By Mark Sabourin
1979 was a bright spot for the Eldorado, and for all of our cars. It was smaller and lighter than it's previous versions and it continued to share the Front Wheel Drive with the Toronado and the E-Body with both the Toronado and Riviera. All three would share many common parts and for once could truly be called "cousins". Smaller 350 and 368 ci (5.7 and 6.0 L) V8's replaced the 500 and 425 ci. of the earlier years, giving better fuel economy and helping to lower the weight of the cars,
For 1979 the Eldorado came only with the Oldsmobile 350 engines, Both Gas and Diesel were available. Then in 1980 the Cadillac 368 became available. The Olds 350 was kept for the 1980 California cars and it along with the 368's in 1980 came with DEFI fuel delivery.
Cadillac had started to develop an independant rear suspension in '75 -'76 and it was adopted for all of the new E-Bodies, trying to keep the most available space in the rear-seat and trunk area as possible in the smaller body. It succeded in doing that. For a very good article about the rear suspension see this Hemmings article on their site.
The Eldorado Biarritz model although not historically correct in usage of the name, it should have been strictly reserved for the convertible, brought back the stainless steel roof cover of the 1st 4-Dr. Brougham's from the late Fifties and came with a whole compliment of options. The stainless roof cover along with the Landau vinyl roof was extremely beautiful in my opinion, especially when equipped with the optional smoked glass Astroroof.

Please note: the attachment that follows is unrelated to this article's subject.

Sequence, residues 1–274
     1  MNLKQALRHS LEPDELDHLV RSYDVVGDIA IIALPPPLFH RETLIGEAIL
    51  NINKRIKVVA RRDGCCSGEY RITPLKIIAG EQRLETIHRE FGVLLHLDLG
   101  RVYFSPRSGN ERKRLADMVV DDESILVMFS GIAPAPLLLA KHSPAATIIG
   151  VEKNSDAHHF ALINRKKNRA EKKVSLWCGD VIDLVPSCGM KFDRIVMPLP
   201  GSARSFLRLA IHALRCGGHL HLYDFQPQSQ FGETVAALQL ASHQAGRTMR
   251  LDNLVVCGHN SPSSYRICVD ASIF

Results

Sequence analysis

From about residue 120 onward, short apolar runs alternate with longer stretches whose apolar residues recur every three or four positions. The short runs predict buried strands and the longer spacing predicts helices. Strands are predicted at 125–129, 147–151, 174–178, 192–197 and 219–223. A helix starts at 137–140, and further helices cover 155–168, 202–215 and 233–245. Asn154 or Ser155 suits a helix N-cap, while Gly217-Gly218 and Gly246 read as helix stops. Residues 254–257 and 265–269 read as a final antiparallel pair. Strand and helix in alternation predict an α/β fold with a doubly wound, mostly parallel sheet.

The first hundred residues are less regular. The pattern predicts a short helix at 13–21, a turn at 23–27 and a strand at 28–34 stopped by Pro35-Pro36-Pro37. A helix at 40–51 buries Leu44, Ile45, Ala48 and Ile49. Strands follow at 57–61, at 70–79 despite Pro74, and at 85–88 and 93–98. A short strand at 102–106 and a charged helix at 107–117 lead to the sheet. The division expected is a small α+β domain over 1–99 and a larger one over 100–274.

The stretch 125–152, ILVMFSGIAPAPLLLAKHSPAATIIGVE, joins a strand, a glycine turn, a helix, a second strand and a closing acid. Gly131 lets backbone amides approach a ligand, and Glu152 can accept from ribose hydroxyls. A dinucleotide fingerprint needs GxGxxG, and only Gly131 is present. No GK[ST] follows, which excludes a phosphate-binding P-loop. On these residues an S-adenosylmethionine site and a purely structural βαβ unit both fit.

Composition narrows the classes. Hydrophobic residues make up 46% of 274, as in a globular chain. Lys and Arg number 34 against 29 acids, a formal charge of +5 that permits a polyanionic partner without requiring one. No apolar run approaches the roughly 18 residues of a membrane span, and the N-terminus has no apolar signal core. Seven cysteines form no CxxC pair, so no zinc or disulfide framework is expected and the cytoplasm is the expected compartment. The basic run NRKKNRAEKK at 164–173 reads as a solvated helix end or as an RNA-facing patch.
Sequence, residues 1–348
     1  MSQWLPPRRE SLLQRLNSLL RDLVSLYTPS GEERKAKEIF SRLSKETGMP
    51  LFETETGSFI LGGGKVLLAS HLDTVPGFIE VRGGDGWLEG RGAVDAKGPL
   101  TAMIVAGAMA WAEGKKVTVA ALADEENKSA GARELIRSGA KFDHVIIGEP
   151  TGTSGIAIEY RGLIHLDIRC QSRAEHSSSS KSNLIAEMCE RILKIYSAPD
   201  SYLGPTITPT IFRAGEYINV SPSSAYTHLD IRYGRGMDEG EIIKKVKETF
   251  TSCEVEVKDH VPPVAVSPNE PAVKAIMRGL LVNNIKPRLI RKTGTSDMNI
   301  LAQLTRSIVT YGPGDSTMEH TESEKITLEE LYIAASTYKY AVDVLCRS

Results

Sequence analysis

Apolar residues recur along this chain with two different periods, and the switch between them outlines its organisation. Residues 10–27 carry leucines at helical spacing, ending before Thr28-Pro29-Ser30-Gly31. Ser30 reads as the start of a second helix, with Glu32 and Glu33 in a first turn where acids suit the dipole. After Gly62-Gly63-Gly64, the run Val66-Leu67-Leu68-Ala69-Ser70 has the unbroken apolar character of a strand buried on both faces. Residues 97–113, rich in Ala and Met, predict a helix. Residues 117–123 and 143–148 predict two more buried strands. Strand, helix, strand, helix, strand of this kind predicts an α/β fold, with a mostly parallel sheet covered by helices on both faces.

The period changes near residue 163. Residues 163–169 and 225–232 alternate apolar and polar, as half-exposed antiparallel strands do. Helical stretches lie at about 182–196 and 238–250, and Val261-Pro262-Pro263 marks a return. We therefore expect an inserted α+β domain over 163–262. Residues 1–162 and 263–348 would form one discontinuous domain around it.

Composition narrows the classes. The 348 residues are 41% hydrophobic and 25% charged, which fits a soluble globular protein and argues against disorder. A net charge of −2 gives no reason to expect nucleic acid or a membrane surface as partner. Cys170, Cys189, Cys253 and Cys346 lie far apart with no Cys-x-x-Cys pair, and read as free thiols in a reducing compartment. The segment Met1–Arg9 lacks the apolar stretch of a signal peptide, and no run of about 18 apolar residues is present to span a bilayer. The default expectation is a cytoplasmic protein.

A problem with the 1981 model year was an unexplained balancing problem that affected the vehicle's overall handling. I haven't been able to find out anything about this "unexplained balancing problem", not even what the symptoms were. GM corrected this by installing a large, heavy metal plate under the driver's seat.
1982 introduced the "Eldorado Touring Coupe" and it had the optional "Touring Suspension" as standard. It would be the forerunner of the Cadilillac ETC of the '90's and 2000's. Painted in Teutonic Silver, it came across as what was then known in the auto trade as a "Sleeper", a car that didn't draw a lot of attention to itself, but would perform, handle, and surprise the average person or driver. It was more like the Riviera "T"-Type with it's firmer suspension, it had Sport Bucket seats and a center console, and no Landau top. It also had blackwall tires with special wheels and had a flush hood ornament, all in the effort to make it a sleek Touring car.
Exterior paint colors for '83 Eldorado Touring Coupe included Sonora Saddle Firemist and Sable Black.
In 1984, Cadillac introduced a convertible version of Eldorado Biarritz bringing the name back to the original intent, that of being a convertible version of the Eldorado. It was 200 pounds heavier, but featured the same interior as the Coupe Biarritz versions.
The 1985 Eldorado was the last of it's kind. No more would the world see a body on frame G.M. car. It may not have changed much in the last 7 years, but that's what makes it special. We had a great run.
As many other sites have said: "Of all the Eldorados, this generation can claim to be the best suited to the market and the times." And I'll add "to the people who love them"
This is our Eldorado.
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